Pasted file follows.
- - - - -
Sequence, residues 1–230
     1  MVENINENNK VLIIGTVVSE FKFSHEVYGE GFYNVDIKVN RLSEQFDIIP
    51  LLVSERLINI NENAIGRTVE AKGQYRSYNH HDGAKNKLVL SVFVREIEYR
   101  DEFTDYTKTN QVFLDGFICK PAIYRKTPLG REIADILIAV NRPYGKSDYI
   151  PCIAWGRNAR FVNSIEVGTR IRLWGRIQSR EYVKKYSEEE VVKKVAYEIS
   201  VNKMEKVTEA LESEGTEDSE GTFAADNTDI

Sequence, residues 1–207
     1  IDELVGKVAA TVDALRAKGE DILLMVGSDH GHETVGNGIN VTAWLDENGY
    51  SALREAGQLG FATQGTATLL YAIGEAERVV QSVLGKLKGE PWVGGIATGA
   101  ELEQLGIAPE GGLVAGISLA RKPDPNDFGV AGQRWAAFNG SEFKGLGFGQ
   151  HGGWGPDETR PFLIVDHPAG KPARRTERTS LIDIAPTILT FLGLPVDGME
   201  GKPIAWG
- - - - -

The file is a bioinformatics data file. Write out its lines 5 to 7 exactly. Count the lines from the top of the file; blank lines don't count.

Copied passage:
   151  PCIAWGRNAR FVNSIEVGTR IRLWGRIQSR EYVKKYSEEE VVKKVAYEIS
   201  VNKMEKVTEA LESEGTEDSE GTFAADNTDI

Sequence, residues 1–207